Tuesday, February 25, 2014

What’s Hot to Wear in the Middle Ages

Since my novel is set during the Middle Ages, I tried to reflect the clothing they wore at that time. We must remember that style comes in an out over the passage of time. Example, look at bell bottoms, popular 40 years ago, but not today (Thank goodness). It is the same when we look back at a specific time in history, only a few years and the style of clothing can change dramatically.

As with any style of clothing, even today, your wealth or ranking in society dictates what you will, or can, wear. Royalty of course had a higher quality and more colorful outfits then those of less noble birth. The commoners wore what they could make or buy for a very cheap price, and also for functionality and protection against the weather. The clothes you wore determined who you were in the culture, and you were bond to wear that type of clothing.

One of the characters I describe in my book is a merchant. How the merchants dress showed how rich he was. The merchant in my novel was somewhat prosperous; he wore fine red linen, and his sleeves were covered in ermine fur.

An event in my novel which shows the formal wear of the weather occurs during a dance. The dance, or ball, was a place of celebration where people would gather to have a form of entertainment.

The heroine in my story is attending a ball. She wears a burgundy colored dress with a black cape with cords that tied in front of her. Her hair was weaved behind her head with a silver thread intertwined in her hair.

Of course, my heroine dances with the hero of the story at the ball. He is clad with a black jacket over a dark tunic with silver-colored thread running through it. They perform a dance called a slipping circle dance, where the couples would hold hands then turn sideways.

Not everyone in medieval times was royalty; most weren’t, and their clothing reflected this. The hero of my story encounters a peasant on the street:

     William noticed one man staring at them, he wore nothing more than a length of burlap which  covered him. The burlap was encrusted in mud and dirt and was tied around his waist by a piece of worn rope. On top of his head was another piece of burlap formed into a triangle which he used as a hat, while two pieces of burlap were tied around his feet as shoes. The man’s face was thin and drawn in as if he had not eaten in his entire life.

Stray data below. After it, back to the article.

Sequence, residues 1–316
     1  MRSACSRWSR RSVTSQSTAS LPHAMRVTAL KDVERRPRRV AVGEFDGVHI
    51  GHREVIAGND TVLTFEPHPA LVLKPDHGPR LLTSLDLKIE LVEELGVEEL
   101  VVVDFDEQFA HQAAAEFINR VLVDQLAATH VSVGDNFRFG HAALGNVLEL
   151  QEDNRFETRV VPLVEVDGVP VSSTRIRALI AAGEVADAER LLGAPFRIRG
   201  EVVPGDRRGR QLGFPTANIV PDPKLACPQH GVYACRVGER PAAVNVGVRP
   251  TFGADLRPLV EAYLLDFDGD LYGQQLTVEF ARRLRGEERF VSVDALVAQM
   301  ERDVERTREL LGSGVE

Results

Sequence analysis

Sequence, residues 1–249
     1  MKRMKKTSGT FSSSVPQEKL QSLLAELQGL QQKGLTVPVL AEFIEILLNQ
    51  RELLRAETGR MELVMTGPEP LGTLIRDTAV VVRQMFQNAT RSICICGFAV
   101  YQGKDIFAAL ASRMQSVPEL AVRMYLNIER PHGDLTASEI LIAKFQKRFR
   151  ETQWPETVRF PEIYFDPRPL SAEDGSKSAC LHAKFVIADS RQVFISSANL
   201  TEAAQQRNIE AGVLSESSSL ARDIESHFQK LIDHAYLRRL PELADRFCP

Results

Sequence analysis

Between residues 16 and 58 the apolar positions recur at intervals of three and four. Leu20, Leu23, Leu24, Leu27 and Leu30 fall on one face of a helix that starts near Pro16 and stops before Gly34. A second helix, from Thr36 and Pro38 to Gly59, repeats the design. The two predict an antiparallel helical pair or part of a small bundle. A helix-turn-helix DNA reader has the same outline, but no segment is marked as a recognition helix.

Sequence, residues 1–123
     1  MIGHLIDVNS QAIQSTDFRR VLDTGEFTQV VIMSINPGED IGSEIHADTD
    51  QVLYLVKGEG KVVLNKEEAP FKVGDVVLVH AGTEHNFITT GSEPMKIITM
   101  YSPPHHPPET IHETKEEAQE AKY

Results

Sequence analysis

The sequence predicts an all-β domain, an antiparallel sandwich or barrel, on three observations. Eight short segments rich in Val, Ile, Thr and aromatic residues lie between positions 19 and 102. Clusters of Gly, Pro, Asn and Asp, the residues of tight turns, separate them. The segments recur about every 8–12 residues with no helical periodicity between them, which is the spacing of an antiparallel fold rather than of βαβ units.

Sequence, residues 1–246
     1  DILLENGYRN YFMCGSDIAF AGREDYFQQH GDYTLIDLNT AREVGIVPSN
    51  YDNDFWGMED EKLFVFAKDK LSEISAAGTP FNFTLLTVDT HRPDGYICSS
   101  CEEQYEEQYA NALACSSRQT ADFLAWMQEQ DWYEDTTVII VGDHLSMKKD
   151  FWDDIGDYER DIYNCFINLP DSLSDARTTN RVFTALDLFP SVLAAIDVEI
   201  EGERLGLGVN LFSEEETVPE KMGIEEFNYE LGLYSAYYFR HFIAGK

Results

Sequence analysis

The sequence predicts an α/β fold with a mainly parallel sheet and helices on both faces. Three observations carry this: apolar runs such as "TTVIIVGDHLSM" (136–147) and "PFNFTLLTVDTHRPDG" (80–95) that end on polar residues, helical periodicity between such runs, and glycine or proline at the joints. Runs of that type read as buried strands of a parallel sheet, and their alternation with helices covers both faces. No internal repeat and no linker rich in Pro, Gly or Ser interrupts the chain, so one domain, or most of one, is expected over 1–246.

Many people wore burlap as clothing in this time frame. (Burlap is also known as hessian cloth in some countries) Burlap is a woven fabric made from the jute plant or sisal fabrics and is sometimes combined with other materials. It was a strong material and provided some protection for the rains.

Whenever you talk about the medieval times, people always wonder about knights. We think of knights with full suits of armor, which is untrue. Suits of armor were very expensive, and could take a knight years and years to afford it. Many knights wore semi suits of armor, bits and pieces until they could get the whole ensemble together. During this clothing transition, many would wear chainmail, which was a very effective against arrows, but did allow the force of a blunt object to do severe damage to them.

A simple form of armor described in my book is called a haketon. In medieval times, there were many variations of this type of jacket. Sometimes, it was merely a thick jacket with padding like a heavy quilt. Later, it developed into a leather jacket, than chainmail was added for further protection.

Clothing is a vital part of any culture, and we can learn so much from their design and appearance. We must remember that clothing is also a reflection of the social-economic status of the person wearing them. We must always keep this in mind, when we go back and look at a previous period in time and pray that in future lifetimes, that no historian studying us ever finds a pair of bell bottoms.

Next Time: Medieval Construction

1 comment:

  1. Very interesting, Bill. I love, just LOVE, the medieval era despite the treacherous way the word is spelled. You've done a lot of research. I really like the dance part...